Space tech competition
US Space Force Hyperspace Challenge Names Startup, University Winners
Hyperspace Challenge, a business accelerator funded by the U.S. Space Force, has selected the winners of its 2021 prize competition.
Three winners each were selected from the startup and university pools, which consisted of 13 and 11 finalists, respectively.
Varda Space Industries, SCOUT and Neutron Star Systems won $50,000 in total as the top startups, SpaceNews reported.
Varda Space Industries, which won first place and received $25,000, was selected for its payload capsules that are designed to carry out cargo delivery from space. Since its founding in 2020, the California-based company was able to raise $42 million in Series A funding and is now looking to establish a manufacturing facility in space as early as 2023.
Runner up Virginia-based startup SCOUT, which received $15,000, specializes in improving space domain awareness. It recently developed a space-based optical sensor and payload system for collision avoidance and in-space object detection.
Rounding out the top three is Neutron Star Systems from Cologne, Germany, which received $10,000. The company’s current project focuses on utilizing a superconductor-based electric propulsion system for satellites.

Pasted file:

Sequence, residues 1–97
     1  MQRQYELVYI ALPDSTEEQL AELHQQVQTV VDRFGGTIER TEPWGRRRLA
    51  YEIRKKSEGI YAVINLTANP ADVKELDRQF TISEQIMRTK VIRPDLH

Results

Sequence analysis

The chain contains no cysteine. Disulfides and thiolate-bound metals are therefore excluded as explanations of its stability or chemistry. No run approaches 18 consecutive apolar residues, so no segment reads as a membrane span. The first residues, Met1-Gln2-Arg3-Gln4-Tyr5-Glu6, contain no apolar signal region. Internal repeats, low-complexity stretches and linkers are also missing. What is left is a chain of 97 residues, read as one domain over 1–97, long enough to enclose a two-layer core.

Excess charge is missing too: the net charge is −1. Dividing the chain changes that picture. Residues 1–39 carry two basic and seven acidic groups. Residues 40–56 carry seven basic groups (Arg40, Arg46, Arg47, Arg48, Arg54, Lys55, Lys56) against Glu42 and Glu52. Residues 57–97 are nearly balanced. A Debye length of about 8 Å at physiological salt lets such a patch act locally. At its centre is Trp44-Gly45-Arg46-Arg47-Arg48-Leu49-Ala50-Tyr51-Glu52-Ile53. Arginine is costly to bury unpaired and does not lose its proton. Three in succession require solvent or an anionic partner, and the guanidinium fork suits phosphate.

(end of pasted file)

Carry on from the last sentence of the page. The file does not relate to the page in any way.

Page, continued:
SUNY Polytechnic Institute was one of the three university winners. It won for its neural network concept that could help track satellite debris.
Texas State University received recognition for its research on how vibration impacts micro-gravity production of heavy-metal fluoride glass.
The last university winner, Stevens Institute of Technology, was hailed for its artificial intelligence technology.
Resilient Solutions 21, Starfish Space and Space Domain Awareness were the top three winners of the 2020 prize competition. Their technological concepts focused on predicting satellite system failures, autonomous satellite servicing and helping satellite operators identify and locate equipment in space.
Tags: Hyperspace Challenge Neutron Star Systems SCOUT space Space Force SpaceNews Stevens Institute of Technology SUNY Polytechnic Institute Texas State University Varda Space Industries